Day 15- Keeping up with the Singhs and the Wangs
Is it possible to bounce back?
There’s no doubt that the economy of 2030 will be a tough competitive landscape for everyone, especially for people in places like Buffalo. The researcher found that although more than half had managed to recover from the crisis, 70 percent had been unable to take advantage of opportunities in new technology and service sectors between 1970 and 2016. Among the best-performing cities and countries were Brooklyn, Queens, and Buffalo, in New York; Philadelphia; St. Louis; and several around Boston. Others are still performing, including Albany, New York; Dayton Ohio; and Detroit and Flint, in Michigan. Just a few factors account for the differences in success: the presence of major research universities, local political support for quality of life initiatives that attract a diverse pool of talent, and openness to immigration. Thus the fortunes of the American middle class differ by city and by geography, with some metropolitan areas experiencing growth while others remain stuck in neutral.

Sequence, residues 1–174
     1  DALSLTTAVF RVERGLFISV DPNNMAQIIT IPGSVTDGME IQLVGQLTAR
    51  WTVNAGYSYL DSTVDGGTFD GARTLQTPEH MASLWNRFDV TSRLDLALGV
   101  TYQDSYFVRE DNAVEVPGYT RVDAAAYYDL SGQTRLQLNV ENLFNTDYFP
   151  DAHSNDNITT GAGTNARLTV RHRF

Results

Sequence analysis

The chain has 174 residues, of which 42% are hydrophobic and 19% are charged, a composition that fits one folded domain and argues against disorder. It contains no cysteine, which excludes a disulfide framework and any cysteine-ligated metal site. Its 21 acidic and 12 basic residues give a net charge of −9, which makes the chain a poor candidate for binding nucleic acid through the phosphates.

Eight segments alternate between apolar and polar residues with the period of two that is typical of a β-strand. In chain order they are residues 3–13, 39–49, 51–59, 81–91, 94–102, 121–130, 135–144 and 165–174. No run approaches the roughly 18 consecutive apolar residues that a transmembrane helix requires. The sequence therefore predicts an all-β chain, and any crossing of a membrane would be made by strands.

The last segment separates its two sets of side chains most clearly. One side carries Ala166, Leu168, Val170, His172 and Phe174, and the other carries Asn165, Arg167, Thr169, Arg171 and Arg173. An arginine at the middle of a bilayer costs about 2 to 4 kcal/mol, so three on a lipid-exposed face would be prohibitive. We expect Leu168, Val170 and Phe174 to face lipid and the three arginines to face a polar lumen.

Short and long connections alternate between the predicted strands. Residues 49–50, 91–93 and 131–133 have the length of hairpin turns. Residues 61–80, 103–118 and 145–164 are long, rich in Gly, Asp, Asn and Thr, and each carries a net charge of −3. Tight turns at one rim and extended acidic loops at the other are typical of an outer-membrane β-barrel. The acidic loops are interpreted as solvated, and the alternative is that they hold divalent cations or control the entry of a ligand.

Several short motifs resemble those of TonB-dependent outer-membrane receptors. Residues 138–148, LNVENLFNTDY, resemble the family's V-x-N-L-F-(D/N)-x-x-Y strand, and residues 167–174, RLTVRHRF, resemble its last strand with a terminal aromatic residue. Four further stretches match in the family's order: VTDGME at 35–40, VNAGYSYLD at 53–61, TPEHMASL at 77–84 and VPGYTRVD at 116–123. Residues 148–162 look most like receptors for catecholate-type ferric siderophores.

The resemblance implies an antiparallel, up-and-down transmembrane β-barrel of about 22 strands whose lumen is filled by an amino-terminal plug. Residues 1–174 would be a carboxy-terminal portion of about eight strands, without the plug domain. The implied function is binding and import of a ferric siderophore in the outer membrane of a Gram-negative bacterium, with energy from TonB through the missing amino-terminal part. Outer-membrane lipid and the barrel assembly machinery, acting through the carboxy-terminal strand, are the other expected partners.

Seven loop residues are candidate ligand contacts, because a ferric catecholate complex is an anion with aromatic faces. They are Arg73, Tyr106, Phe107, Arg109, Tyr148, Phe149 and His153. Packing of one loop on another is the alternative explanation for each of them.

Ford, Amazone, and the idea of a universal basic income
Today, as segments of the old middle class begin to suffer from impoverishment, support for a government-provided universal basic income is growing on both sides of the Atlantic. The payouts reduced poverty but increase inequality, most likely because wealthier households reinvest the dividend while poorer ones spend it. Regardless of the balance of benefits and costs, the entire scheme rests on the assumption of stead oil revenues, which are threatened by price volatility and the depletion of existing old fields. This uncertainty results in bitter political battles over how to allocate tax revenue across government programs.
But the middle class is not the only transformational force nowadays. As we’ll see next, the rise of women as earners and wealth holders is the other massive engine of change.
2030 by Mauro.F.Guillen: 91–96